When I moved from Massachusetts to Nebraska in 2001, I found gargantuan grasshoppers and looming grain elevators. I also found God. Now I’m raising two rambunctious boys with my husband, Brad, working part-time for Nebraska public television and radio, laundering Sponge Bob briefs, and writing about faith in the everyday at Graceful. And I’m so very grateful to be here at Emily’s place today!

Fifteen years ago my husband Brad and I backpacked through part of Yellowstone National Park. I’d reluctantly agreed to this adventure, knowing that Old Faithful Inn – or any place with plumbing, for that matter – suited me better. A 25-pound pack and a two-man tent pitched on pinecone ground were not my idea of a vacation. But I agreed, largely because I was newly married and very much in the compromise stage.

We hiked through a barren landscape, charred husks of birch and pine standing like totems, the ground prickly with new-growth brush. A rampant forest fire had ravaged Yellowstone a few years prior, and the burned landscape was still stark and desolate like a moonscape.

As morning turned to noon the sun seared sharp. Pack straps burned ruts into shoulders, hair stuck to nape, boots chafed blisters, and I grew crankier with each mile, weary of the sooty landscape. As we rounded each rise I expected to glimpse our final destination, a campsite nestled beside a glinting lake in a valley below.

But it didn’t happen. Instead, at the crest of each hill I saw only another rise ahead, hope of shade and cool water crashing as one false summit gave way to the next.

“I want to be there now,” I complained mercilessly to Brad. “How much further? When are we going to see the campsite? Why are there so many hills? This is horrible!” I continued. “This isn’t what I expected at all! I’m not having fun!”

Brad was remarkably patient, especially given that instead of chortling songbirds and burbling brooks, all he heard was the relentless griping of a grumpy wife.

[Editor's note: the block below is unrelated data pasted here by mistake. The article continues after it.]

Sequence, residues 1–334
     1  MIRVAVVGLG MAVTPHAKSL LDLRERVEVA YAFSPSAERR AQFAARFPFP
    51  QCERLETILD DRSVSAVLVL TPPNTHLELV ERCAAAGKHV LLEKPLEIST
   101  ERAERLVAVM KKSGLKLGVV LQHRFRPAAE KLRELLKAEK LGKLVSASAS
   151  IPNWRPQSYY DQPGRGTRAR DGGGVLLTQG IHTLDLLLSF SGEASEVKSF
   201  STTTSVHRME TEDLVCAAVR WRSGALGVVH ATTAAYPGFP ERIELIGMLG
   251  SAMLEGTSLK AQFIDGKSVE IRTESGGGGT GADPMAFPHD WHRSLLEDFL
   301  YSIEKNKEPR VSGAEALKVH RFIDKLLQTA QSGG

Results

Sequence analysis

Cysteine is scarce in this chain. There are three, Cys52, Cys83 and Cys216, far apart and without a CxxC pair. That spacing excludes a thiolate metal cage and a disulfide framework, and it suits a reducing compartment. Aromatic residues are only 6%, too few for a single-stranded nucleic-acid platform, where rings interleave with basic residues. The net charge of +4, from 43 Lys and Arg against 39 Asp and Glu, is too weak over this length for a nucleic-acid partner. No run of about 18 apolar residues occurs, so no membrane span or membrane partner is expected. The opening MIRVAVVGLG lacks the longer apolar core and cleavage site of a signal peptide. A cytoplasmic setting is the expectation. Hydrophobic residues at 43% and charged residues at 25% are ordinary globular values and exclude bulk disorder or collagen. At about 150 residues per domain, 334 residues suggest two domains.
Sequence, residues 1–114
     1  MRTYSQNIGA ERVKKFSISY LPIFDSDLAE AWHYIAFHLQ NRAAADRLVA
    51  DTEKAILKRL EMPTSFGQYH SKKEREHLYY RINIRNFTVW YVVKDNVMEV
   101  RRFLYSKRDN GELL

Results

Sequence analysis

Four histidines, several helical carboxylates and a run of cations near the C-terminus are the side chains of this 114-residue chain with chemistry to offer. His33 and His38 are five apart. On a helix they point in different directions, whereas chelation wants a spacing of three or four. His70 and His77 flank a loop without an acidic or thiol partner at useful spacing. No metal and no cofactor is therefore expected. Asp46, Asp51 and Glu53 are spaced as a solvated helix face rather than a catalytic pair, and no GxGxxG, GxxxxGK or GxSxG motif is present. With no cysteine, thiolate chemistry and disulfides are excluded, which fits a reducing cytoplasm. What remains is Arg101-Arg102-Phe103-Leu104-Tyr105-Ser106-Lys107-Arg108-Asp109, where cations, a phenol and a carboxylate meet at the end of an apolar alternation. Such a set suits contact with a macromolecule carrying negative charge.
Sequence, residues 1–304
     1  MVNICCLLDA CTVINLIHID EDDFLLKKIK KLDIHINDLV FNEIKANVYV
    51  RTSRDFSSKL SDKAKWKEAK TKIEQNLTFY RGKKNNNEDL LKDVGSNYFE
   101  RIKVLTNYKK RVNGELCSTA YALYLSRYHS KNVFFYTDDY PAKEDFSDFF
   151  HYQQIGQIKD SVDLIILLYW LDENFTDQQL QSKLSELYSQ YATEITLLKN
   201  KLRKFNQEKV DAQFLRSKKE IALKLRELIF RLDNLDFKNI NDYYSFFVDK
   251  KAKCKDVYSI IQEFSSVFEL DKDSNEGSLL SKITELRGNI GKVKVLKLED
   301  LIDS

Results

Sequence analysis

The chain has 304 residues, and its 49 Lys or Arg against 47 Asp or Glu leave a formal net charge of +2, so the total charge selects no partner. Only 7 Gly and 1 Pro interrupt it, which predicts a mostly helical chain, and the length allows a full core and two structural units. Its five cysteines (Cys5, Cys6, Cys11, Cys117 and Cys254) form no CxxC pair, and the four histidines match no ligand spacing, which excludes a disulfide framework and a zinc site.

“We’re going to get there, honey,” he soothed. “Just try to enjoy the hike.”

I thought about that Yellowstone hike recently as I found myself bemoaning the writing process, the uphill climb toward publishing. The similarities between hiking and writing are not lost on me.

There’s the relentless grind, for starters. Writing requires discipline, which means I write when I’d rather be sipping Chardonnay on the back patio or browsing for a new purse at TJ Maxx. The process isn’t graceful as I grunt out choppy phrases that fall flat, or circle an idea round and round, unable to nail it down. Writing is work, putting one foot in front of the other – one word after the other – and staying on the trail for the long haul.

And then there’s the finish line, the final destination. I want to rush the process. I want to be there now – there being a published writer. I don’t want to face yet another mountain, another false summit – the research, the rejection, the writing and more writing, the hope followed by crashing defeat. I don’t want to hope for sparkling lake, only to find desiccated emptiness once again.

“How much further?” I whine to myself. “When am I going to get there? This isn’t what I expected at all!”

The Bible tells me a lot about time and process, planning and controlling – about how God’s timeline may be different from mine: “You don’t get to know the time. Timing is the Father’s business,” Jesus tells the disciples, when they clamor to know when the kingdom will be restored (Acts 1:7).

Honestly, this isn’t what I want to hear. I want to control the process; I want to create the timeline. Often I don’t want to heed God’s plans for me, because I fear they differ from what I might have in mind for myself.

There’s much for me to learn about what God wants with my words. Perhaps it’s not about publishing at all. Perhaps it’s about this present hike – this climbing and seeking. I admit, the pack feels heavy at times; I am weary. But God tells me he wants to lighten my load. I simply need to hand over the burden.

“Let the morning bring me word of your unfailing love, for I have put my trust in you. Show me the way I should go, for to you I lift up my soul. Teach me to do your will, for you are my God; may your good Spirit lead me on level ground.” Psalm 143:8, 10

**I know I say this with every guest post, but seriously. Visit Michelle at Graceful, because every word of hers is just that. I love her vivid descriptions, her regular-girl perspective, and her growing heart for filling the hole.